It takes a campus to foster successful, confident, and career-ready Johns Hopkins students.
This past week, the Career Center celebrated the more than 130 faculty and staff nominated by current Homewood students for helping guide their career development. The faculty and staff—including librarians and coaches—who were nominated for the inaugural Career Champion Awards were delivered swag bags that included H-shaped cookies from local Stone Mill Bakery as a thank you for their dedicated guidance.
Three faculty and staff received more nominations than any other, and were awarded the 2018 Career Champion Award. They are:
Associate research professor and director of undergraduate studies, Department of Applied Mathematics and Statistics
Fishkind has taught at Johns Hopkins since 2000, and he says he emphasizes a holistic approach to mathematics. He takes joy in supporting his students, regardless of their final destination (including one 2009 grad who is working as a Triple-A baseball umpire).
"I am fortunate to work with outstanding students who have wonderful accomplishments and potential," Fishkind says. "It is gratifying when my students surpass me, and so many do."
Students who nominated Fishkind note that he's always available for student questions and shows genuine concern for their needs and welfare, sometimes answering emails for advice past midnight.
"Dr. Fishkind has been one of the most influential people in my life for the past four years," says Elle Kim, a senior majoring in applied math and statistics. Kim worked as a teaching assistant for Fishkind and has been his advisee since her first year. "I was torn between pursuing a medical career and continuing a career as a statistician, and I have since decided to apply for a master's program in computational biology. I can count on him to help me work through various options, giving me fresh perspectives. I simply cannot imagine Hopkins without him."
Academic adviser, Undergraduate Program in Public Health Studies
Foster has been with the Public Health Studies program since 2016 and previously worked with the peer-led team learning program in the Office of Academic Advising.
"I really enjoy working with JHU students because they are so eager for opportunity," Foster says. "It is truly amazing to watch their confidence and self-awareness grow through the process."
As public health students might pursue jobs in industry or post-graduate studies, she encourages them to make strong connections with faculty and find opportunities unique to their passions. This might mean building a personal connection with faculty to generate better recommendation letters, or, for one student who spends his spare time on community and carpentry, suggesting he consider working in historic home restoration in Baltimore. Helping students to think outside the box gives them more opportunities.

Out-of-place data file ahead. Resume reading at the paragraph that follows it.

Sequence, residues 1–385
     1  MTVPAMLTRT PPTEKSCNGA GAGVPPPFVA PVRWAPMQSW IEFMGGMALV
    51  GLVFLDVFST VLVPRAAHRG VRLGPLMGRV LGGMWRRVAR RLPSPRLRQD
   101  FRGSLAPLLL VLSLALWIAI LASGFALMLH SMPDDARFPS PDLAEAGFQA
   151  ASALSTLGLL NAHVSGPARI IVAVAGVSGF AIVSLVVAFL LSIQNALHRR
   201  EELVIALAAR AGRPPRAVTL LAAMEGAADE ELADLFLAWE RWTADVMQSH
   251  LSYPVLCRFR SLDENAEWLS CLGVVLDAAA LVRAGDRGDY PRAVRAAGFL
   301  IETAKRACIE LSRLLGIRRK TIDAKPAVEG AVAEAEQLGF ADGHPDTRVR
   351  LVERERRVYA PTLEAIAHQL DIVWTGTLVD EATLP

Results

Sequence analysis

"Although I thought I had everything figured out for myself, she often challenged me and offered a unique perspective on the decisions I had made for myself," says Kaetlyn Bernal, a senior public health studies major. "She was willing to move mountains for me when it came to my academic experience. Her investment in my college experience has helped transform me into the social justice activist I am today."
Senior lecturer, Center for Leadership Education
"Providing students with the experiences that help them discover their passion before they graduate is incredibly rewarding." Kendrick says. "Who wouldn't want to work with students who are bright, highly motivated and willing to learn?"
Since starting with the Center for Leadership Education in 2002, Kendrick has pushed her students to network with alums, attend employer coffee chats on campus, or take part in career development intersession courses/trips in January to learn more about potential fields from the source. Her students also get the chance to work with companies through her advertising class, or CLE groups like Hopkins Student Enterprises.
"Employers are drawn to these types of experiences when they see them listed on students' resumes," she says.
Carley Petrone, a senior studying global environmental change and sustainability, says Kendrick helped her find an internship her junior year, connecting her with employers and serving as a reference. She even made a personal call to the company on Petrone's behalf.
"Ever since I met her through the ad class, she has been so supportive and is always trying to find ways to help me," Petrone says. "I'm extremely grateful for everything she has done to help me throughout my time here!"
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